10 years of headaches, vertigo and other pains dismissed as “depression”
By Rhisa Perera
I was born in Brooklyn in 1990, to a Puerto Rican mom and an Irish and Spanish dad. I was raised in Staten Island. In 2007, my senior year of high school, I started getting GI issues that lasted for about a year.
In 2009, after a few weeks in Puerto Rico, I came back to New York City and one day I got super dizzy, with a pounding headache. That headache literally did not stop for 10 years.
I went to my primary doctor, multiple ENTs, multiple neurologists, physical therapy, had many tests in the hospital. No answers. They gave me different antidepressants—for a decade. When my symptoms didn’t go away, they increased the dose or changed the medication. If you are familiar with those drugs, you know changing them takes a while to kick in, which is not fun.
In March of 2019, I woke up in the morning to go to work. My neck felt stiff as a board and I could not move my head from side to side. It felt as if there was a metal rod from the base of my skull to my pelvis.
“Your labs are normal”
I made it to work but was in such bad shape that my supervisor called an ambulance. The hospital ran the usual blood tests and then told me: “Your labs are normal, you’re most likely in pain because you’re depressed.”
I was never examined, never asked any questions, nothing. That is basically how I’ve been treated by every medical professional I’ve ever seen. I have a drawer full of medications I’ve been prescribed over the last decade.
In July, my headaches and vertigo came back full blown. At this point, I was in between jobs, so I was also in between insurance coverage. So, I just started doubling up on my medication. I had to find some relief and be a normal functioning human being for my wedding that was coming up in August.
It must have worked. I enjoyed most of my time in Puerto Rico and my wedding, except for the fatigue that would kill me at night.
By the end of August, I was back in the states and walking down the street in NYC. Out of nowhere, I felt like I’d been hit by a truck. By the next day, I was feverish, shaking, having cold sweats and could barely lift my head. My aunt took me to the ER and my temperature was 103. They diagnosed me with pneumonia and kept me there overnight on an IV and oral medication.
What about Lyme disease?
Because I was still having headaches, in September, I saw a new doctor. When I described my symptoms to her, she asked, “Have you been tested for Lyme disease?” I responded, “The bug thing?” I knew nothing about it. She said she thought I had it and ordered blood work.
A couple days later I got a message from the doctor: “Your labs are normal, but you did test positive for Lyme disease. That most likely explains your headaches and muscle/joint pain. I am sending in doxycycline to your pharmacy. Take it for two weeks and then I will see you for a follow up.”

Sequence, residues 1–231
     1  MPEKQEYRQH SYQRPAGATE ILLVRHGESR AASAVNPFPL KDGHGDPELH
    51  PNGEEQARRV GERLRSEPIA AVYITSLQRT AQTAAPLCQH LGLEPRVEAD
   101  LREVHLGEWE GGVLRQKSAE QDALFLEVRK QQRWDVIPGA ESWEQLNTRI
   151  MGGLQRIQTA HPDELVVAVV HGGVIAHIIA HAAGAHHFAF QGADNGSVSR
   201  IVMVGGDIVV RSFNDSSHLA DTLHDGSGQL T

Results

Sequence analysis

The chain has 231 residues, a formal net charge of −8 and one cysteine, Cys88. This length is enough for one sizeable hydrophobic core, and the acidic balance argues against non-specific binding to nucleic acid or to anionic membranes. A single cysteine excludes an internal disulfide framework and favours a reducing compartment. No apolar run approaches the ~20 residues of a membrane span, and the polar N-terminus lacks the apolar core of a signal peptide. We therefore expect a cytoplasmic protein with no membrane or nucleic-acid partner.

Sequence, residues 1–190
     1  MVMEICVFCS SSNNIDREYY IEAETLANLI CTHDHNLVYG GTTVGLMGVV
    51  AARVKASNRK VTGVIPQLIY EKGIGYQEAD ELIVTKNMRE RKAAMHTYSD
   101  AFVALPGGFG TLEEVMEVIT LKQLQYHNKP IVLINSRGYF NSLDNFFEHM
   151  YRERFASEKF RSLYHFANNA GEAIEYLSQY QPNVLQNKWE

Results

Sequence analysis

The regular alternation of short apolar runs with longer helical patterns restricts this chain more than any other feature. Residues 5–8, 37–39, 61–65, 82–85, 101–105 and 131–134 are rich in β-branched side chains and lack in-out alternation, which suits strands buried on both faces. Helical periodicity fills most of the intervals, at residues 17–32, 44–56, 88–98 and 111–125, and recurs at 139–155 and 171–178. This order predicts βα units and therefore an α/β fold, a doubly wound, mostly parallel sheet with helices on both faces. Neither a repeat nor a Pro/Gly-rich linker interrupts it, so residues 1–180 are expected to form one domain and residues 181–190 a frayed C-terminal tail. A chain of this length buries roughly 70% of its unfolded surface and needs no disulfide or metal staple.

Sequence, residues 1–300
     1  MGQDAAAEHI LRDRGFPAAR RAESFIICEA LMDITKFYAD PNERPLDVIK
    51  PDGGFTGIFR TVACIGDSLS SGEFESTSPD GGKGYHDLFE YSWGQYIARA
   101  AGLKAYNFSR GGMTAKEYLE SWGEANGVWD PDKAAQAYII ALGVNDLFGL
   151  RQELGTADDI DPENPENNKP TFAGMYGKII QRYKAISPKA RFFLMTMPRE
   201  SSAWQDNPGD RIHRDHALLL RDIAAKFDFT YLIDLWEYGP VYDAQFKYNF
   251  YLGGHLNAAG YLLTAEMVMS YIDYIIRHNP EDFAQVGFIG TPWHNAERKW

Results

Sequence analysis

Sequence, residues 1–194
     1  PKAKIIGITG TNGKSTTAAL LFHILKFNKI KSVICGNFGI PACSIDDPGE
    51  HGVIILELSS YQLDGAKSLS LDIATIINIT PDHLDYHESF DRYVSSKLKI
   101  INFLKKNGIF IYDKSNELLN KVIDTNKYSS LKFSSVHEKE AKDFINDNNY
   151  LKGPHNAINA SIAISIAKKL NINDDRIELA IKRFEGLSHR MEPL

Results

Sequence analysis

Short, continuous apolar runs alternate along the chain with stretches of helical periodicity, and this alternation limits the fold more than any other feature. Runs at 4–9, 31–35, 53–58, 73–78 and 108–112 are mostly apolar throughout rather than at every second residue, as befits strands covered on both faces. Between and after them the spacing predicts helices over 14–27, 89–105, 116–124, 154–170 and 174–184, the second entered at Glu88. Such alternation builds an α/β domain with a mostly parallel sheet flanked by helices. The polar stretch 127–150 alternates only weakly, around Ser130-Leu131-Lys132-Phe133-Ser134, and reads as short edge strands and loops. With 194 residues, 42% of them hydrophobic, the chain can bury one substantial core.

I took the antibiotics as instructed. When I was almost done with the pills, my vertigo was so bad I couldn’t walk straight. I had absolutely no idea what was going on. I went back to the doctor, who wanted me to see a neurologist because all of a sudden, I was cured of Lyme and the symptoms had to be something else.
The neurologist saw me for a few minutes and swore I was HIV positive. Such disrespect! I walked out and saw another neurologist who didn’t help either.
I went home, feeling defeated. Then, remembering that I was part of a Facebook support group for migraine sufferers, it popped into my head that there must be Lyme disease support groups, as well. That realization turned me in a new direction! I found a group and started learning as much as I could.
What I discovered about Lyme disease
I found out how Lyme is not believed to be chronic by the majority of physicians and that many believe Lyme doctors are quacks. They believe Lyme is hard to get and easy to treat. (Half the time when I tell a doctor I have Lyme disease, they say I don’t or ask if I was treated. Like sure, that two-week antibiotic cycle killed years of bacteria that took over my muscles, joints, brain, and gut.)
Then, after watching the Lyme documentary Under Our Skin, I started looking for a Lyme-literate medical doctor.
When I was finally evaluated by someone who knew what to look for, I found out I had Borrelia (Lyme), Babesia, Bartonella, Rocky Mountain spotted fever, mycoplasma, Ehrlichia, high levels of candida in my gut, Epstein-Barr, and schistosomiasis (parasitic flatworms).
Currently I am only detoxing and treating holistically and with diet, as my body cannot tolerate antibiotics at this point. I’m learning what these bacteria crave and trying to avoid those things.
It’s tough and I go through periods where I am super angry that it’s taken this long to get some relief. It’s a weird life to live but I’m doing it.
Rhisa Perera writes NegraConLyme, from which this blog is adapted.